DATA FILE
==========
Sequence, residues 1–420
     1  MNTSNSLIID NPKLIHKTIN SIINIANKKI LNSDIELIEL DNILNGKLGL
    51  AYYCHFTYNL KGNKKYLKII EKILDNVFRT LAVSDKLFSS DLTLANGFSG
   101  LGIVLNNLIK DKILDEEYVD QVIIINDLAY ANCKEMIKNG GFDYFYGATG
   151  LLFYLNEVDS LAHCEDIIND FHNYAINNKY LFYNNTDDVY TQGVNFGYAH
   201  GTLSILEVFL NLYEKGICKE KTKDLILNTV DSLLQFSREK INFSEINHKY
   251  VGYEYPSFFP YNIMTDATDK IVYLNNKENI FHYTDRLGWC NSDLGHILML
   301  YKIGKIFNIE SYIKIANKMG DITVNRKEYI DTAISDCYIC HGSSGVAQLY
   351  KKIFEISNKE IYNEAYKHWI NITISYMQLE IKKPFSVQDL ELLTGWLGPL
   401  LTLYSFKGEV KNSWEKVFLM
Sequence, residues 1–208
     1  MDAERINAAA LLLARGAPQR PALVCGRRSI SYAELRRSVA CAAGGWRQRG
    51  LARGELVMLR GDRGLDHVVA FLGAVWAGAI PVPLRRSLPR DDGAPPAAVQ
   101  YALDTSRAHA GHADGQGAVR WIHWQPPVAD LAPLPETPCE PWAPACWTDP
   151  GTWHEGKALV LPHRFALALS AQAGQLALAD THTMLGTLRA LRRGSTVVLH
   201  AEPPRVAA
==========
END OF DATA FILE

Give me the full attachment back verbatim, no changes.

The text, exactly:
Sequence, residues 1–420
     1  MNTSNSLIID NPKLIHKTIN SIINIANKKI LNSDIELIEL DNILNGKLGL
    51  AYYCHFTYNL KGNKKYLKII EKILDNVFRT LAVSDKLFSS DLTLANGFSG
   101  LGIVLNNLIK DKILDEEYVD QVIIINDLAY ANCKEMIKNG GFDYFYGATG
   151  LLFYLNEVDS LAHCEDIIND FHNYAINNKY LFYNNTDDVY TQGVNFGYAH
   201  GTLSILEVFL NLYEKGICKE KTKDLILNTV DSLLQFSREK INFSEINHKY
   251  VGYEYPSFFP YNIMTDATDK IVYLNNKENI FHYTDRLGWC NSDLGHILML
   301  YKIGKIFNIE SYIKIANKMG DITVNRKEYI DTAISDCYIC HGSSGVAQLY
   351  KKIFEISNKE IYNEAYKHWI NITISYMQLE IKKPFSVQDL ELLTGWLGPL
   401  LTLYSFKGEV KNSWEKVFLM
Sequence, residues 1–208
     1  MDAERINAAA LLLARGAPQR PALVCGRRSI SYAELRRSVA CAAGGWRQRG
    51  LARGELVMLR GDRGLDHVVA FLGAVWAGAI PVPLRRSLPR DDGAPPAAVQ
   101  YALDTSRAHA GHADGQGAVR WIHWQPPVAD LAPLPETPCE PWAPACWTDP
   151  GTWHEGKALV LPHRFALALS AQAGQLALAD THTMLGTLRA LRRGSTVVLH
   201  AEPPRVAA